He said, “it’s really ironic that the American administration still talks about what they call the deal of the century, but what is left for this administration to give to the Palestinian people? Only humanitarian solutions, because when they remove off the negotiation table, Jerusalem, refugees and security – what is left?”

Abbas called on countries that do not recognise Palestine to do so, especially those that support a two-state solution and recognise Israel but not Palestine.

“No. You have to recognize both states. Ladies and gentlemen, I would like to remind you again that Israel has not implemented any one of the hundreds of General Assembly resolutions. There are 705 resolutions issued by the General Assembly since 1947 to date and Security Council resolutions since 1948 to date not a single resolution has been implemented by Israel.”

Abbas warned that Israeli aggression, supported by its legal system, is now threatening the status of Al Aqsa mosque claiming, “now we are told that the Israeli Supreme Court will issue a decision to divide Al-Aqsa, spatially and time-wise.”

The Palestinian president also criticised Hamas for failing to agree to the recent efforts by Egypt to secure reconciliation between Abbas’s Fatah and Hams, laying the blame at Hamas’s door.

He called on the Palestinians to “remain patient, steadfast and to continue to sacrifice until we achieve independence and self-determination and to establish an independent state with Jerusalem as its capital and not in Jerusalem”.

Fend for yourselves

And so the annual UN pilgrimage ends with the Palestinians weak and divided, pleading for protection for innocent civilians losing their lives at the hands of their brutal occupiers. Their Arab and Muslim allies continue to be cajoled into believing improving relations with Israel would endear them to Trump’s America and will bring protection from the Iranian threat.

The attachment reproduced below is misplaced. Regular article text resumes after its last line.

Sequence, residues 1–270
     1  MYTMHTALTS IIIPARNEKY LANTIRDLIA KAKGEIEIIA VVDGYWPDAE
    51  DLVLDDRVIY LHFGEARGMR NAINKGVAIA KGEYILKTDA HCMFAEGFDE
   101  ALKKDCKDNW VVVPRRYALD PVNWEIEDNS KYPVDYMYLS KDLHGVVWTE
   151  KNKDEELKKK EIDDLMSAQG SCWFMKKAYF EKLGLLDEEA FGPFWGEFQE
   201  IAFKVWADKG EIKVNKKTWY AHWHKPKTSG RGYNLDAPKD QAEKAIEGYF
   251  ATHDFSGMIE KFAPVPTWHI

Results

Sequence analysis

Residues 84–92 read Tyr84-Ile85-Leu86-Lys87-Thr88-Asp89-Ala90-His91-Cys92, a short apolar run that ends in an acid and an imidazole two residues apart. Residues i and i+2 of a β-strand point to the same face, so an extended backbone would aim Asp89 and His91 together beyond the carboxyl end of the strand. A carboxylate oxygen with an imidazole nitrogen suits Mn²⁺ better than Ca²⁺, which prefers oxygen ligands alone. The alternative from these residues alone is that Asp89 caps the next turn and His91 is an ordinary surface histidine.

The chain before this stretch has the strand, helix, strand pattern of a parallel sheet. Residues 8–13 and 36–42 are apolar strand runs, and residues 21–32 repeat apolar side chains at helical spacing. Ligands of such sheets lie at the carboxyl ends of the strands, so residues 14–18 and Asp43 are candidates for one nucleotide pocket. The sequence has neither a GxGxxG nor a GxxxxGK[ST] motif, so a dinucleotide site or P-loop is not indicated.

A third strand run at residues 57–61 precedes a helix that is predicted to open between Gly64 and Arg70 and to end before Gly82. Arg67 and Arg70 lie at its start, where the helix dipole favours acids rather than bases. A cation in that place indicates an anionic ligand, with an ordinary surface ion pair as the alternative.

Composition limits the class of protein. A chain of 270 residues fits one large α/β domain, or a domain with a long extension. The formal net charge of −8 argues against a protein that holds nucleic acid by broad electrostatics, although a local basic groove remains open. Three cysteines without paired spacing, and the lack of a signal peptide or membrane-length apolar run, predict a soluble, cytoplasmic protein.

Trump’s ‘deal of the century’ has turned into the ‘slap of the century’ for Palestinians left with little to negotiate for.

A strong and emboldened Israel can continue expanding and entrenching its hold on Israel-occupied territories. Abbas’s hopes for an international peace conference that broadens and better reflects the international community’s interests in resolving the conflict did not gain any traction.

It is only through their numbers—nearly 13 million strong—and their steadfastness and resistance, that Palestinians can keep their cause alive. They are in this for the long term and they will not allow Israel to complete the Zionist project.

They will outlast Trump and his administration, which while giving Israel quick wins now, will in the long term bring harm not only to Palestinians, but to peace for everyone in the region.

Oslo Accords: is the so-called peace process an epic failure?

Published by Press TV’s The sun will rise on 27/9/2018

25 Years After the Oslo Accords, is the so-called peace process an epic failure? The Oslo accords, first unveiled on the White House lawn with a handshake between Yitzhak Rabin and Yasir Arafat on Sept. 13, 1993, culminated in mutual recognition between Israel and the Palestine Liberation Organization, which Israel had long banned as a terrorist organization, and the first formal agreements in a phased effort to resolve the century-old conflict. They called for a comprehensive peace agreement by 1999, which was widely expected to lead to statehood for the Palestinians, and for Israel, the realization of the long-held goal of land for peace. Today, however, the Oslo process is moribund, having produced neither a peace agreement nor a Palestinian state.